In pre-COVID times, I spent a lot of time dining out, and my first priority whenever I would travel was to find the hidden treasures in the local dining scene. So far, I have visited nearly every state, and 14 countries on this insatiable quest.  In the meantime, I have been cooking nearly every day at home, making no-recipe recipes.  For me, cooking is both a form of meditation, and the way that I express my love for another. When I was little, I would help my grandmothers in the kitchen – this is probably the most formal part of my training that I received. They passed their recipes onto me, but when I try to re-create them, they are never the same…I think because when you cook by feel, there is always something that changes, depending on your mood.

Oh yea – that was the second part of my disclaimer….I don’t really follow recipes. They are more like a guide, and for inspiration when I’m stuck on my weekly menu plan. If I find one that sounds interesting, it usually gets modified based either on whatever ingredients are in season, or what’s in the house at the time. The upside is that I get to experiment with different flavors and learn more about the chemistry of cooking. The downside is that when I do make something that I am really proud of, I will never be able to make that exact thing again.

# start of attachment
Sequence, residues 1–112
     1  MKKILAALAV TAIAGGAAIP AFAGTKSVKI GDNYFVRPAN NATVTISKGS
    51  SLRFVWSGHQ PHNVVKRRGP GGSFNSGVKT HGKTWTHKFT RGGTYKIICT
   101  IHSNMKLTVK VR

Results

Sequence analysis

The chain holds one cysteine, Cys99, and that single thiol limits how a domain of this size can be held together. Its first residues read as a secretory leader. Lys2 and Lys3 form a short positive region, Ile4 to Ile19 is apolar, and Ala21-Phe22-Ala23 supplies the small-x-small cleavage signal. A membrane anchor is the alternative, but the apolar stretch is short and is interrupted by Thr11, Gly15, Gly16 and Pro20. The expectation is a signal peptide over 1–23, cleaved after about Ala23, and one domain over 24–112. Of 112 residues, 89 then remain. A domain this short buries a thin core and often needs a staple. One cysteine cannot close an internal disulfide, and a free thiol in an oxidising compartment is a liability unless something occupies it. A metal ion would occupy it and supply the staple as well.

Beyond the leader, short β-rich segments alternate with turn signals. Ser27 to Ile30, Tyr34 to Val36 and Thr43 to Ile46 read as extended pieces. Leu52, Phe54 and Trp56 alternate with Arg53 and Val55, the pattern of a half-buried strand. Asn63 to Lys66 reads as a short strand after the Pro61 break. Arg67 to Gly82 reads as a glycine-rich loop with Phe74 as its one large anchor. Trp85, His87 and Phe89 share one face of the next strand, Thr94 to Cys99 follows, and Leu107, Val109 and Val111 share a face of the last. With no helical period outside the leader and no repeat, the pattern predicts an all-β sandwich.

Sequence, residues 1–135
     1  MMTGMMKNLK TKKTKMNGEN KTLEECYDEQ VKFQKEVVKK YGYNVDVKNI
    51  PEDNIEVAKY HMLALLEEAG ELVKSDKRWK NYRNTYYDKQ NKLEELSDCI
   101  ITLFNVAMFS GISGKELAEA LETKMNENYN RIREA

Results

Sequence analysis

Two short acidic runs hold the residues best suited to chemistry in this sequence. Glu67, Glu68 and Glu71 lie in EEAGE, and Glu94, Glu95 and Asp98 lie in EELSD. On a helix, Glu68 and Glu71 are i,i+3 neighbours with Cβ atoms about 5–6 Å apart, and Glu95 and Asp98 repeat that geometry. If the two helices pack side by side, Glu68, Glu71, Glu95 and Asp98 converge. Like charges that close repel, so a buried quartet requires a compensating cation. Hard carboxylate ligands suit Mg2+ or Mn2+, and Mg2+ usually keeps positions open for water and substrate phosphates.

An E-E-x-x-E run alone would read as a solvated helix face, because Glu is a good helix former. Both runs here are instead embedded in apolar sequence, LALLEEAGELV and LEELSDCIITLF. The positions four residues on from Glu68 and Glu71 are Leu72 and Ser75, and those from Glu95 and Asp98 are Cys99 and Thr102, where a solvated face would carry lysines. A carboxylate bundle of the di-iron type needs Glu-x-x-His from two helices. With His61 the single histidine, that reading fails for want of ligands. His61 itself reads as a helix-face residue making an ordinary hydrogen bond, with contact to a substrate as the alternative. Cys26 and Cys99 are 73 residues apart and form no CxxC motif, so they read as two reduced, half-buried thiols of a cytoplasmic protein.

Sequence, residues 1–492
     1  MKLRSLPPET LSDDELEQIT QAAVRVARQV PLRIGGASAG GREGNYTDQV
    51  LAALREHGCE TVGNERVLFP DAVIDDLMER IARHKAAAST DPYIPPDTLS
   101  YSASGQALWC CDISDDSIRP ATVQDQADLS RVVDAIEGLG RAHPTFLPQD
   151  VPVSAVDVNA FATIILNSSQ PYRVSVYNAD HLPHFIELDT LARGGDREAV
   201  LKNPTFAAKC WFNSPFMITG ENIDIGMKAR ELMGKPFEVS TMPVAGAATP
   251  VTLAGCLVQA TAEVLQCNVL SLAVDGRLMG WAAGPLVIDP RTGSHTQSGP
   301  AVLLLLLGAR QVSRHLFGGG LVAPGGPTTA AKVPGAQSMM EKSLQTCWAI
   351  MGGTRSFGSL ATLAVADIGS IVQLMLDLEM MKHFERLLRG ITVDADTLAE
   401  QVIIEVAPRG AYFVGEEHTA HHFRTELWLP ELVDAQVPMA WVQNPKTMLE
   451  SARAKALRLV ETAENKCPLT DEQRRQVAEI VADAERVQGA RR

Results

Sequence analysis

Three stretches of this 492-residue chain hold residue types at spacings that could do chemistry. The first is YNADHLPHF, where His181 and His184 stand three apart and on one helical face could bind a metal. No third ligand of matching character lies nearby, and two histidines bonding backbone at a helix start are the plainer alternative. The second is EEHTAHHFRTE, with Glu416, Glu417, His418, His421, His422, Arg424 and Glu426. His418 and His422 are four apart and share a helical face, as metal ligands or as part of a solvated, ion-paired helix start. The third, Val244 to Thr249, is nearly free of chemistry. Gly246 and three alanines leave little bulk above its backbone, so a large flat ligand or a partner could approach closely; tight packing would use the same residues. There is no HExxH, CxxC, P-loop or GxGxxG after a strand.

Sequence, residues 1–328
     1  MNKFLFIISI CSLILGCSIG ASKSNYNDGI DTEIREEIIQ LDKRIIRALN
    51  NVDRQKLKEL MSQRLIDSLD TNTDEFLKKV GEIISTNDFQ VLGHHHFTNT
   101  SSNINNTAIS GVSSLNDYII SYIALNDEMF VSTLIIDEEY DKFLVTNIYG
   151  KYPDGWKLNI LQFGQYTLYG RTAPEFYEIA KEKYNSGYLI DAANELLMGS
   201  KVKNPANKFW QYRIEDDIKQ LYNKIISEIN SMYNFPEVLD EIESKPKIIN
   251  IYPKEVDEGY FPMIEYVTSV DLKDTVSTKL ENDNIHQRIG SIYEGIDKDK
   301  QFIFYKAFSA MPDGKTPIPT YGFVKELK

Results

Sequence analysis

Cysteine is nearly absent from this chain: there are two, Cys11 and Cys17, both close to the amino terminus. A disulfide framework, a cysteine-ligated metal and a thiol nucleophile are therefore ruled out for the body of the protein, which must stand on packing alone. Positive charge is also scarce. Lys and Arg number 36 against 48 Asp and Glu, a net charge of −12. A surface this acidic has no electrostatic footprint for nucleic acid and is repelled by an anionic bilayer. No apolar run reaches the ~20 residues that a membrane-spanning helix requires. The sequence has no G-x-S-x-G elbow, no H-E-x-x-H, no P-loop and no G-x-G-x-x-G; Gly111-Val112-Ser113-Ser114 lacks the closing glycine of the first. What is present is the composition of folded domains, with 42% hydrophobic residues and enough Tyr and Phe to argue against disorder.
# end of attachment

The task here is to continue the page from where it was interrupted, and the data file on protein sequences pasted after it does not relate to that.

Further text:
While I can re-create a version of the dish, it will never be exact. Sometimes it will be better, sometimes it will just be okay, but it isn’t the same dish that I served before. I’ve started trying to write some of what I do down, but the trick is that I have to go back and reference it later. Photographs of the dishes help to jog my memory later, as well.  Which means I’m trying to get better at styling and photographing food, but I do not pretend to be an expert, and I’m not looking to take anybody’s job.  Food photography is an art that I have always had profound respect for, so I’ll continue to leave that to the experts as well.

Truthfully, I’m not so interested in making food that looks pretty in a photo.  Rather, I am inspired to make food for people to enjoy over a nice glass (or bottle) of wine, while sharing in conversation and laughter. The final result fully depends on the quality of the ingredients, how engaged I am while I’m cooking, and what my mood is at the time. The more love I put into the dish, the better the food will be. And one day, I’ll be able to cook for people again, because I think sharing a meal with loved ones, especially in times of crisis and dismay, helps us heal…and LAWD knows we could all use a whole lot of healing these days.

Until then, go get some shit from the store, have some fun with the layout, and share your results in the comments section.

Stay safe and be well.

2 Comments

  1. Grandma Suze

    You have truly connected with the essence of cooking. It’s about love in the creation, it’s about the sharing with others, and good wine. Honest to God Laura you must have good wine! (
    (Truffle honey doesn’t hurt either!)